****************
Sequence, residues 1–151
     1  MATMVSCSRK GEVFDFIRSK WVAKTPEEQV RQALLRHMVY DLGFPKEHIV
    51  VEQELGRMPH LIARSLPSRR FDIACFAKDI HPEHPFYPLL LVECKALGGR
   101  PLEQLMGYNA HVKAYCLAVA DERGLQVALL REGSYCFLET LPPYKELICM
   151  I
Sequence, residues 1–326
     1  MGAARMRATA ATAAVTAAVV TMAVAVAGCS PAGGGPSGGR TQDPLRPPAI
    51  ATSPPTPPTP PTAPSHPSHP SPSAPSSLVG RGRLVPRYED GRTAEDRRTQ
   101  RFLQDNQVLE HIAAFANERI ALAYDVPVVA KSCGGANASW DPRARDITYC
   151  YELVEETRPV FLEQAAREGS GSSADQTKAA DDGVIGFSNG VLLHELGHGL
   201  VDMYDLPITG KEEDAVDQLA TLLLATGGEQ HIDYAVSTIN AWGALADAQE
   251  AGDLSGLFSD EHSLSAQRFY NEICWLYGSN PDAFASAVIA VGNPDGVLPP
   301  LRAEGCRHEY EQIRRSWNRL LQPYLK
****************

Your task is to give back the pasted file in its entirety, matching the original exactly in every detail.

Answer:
Sequence, residues 1–151
     1  MATMVSCSRK GEVFDFIRSK WVAKTPEEQV RQALLRHMVY DLGFPKEHIV
    51  VEQELGRMPH LIARSLPSRR FDIACFAKDI HPEHPFYPLL LVECKALGGR
   101  PLEQLMGYNA HVKAYCLAVA DERGLQVALL REGSYCFLET LPPYKELICM
   151  I
Sequence, residues 1–326
     1  MGAARMRATA ATAAVTAAVV TMAVAVAGCS PAGGGPSGGR TQDPLRPPAI
    51  ATSPPTPPTP PTAPSHPSHP SPSAPSSLVG RGRLVPRYED GRTAEDRRTQ
   101  RFLQDNQVLE HIAAFANERI ALAYDVPVVA KSCGGANASW DPRARDITYC
   151  YELVEETRPV FLEQAAREGS GSSADQTKAA DDGVIGFSNG VLLHELGHGL
   201  VDMYDLPITG KEEDAVDQLA TLLLATGGEQ HIDYAVSTIN AWGALADAQE
   251  AGDLSGLFSD EHSLSAQRFY NEICWLYGSN PDAFASAVIA VGNPDGVLPP
   301  LRAEGCRHEY EQIRRSWNRL LQPYLK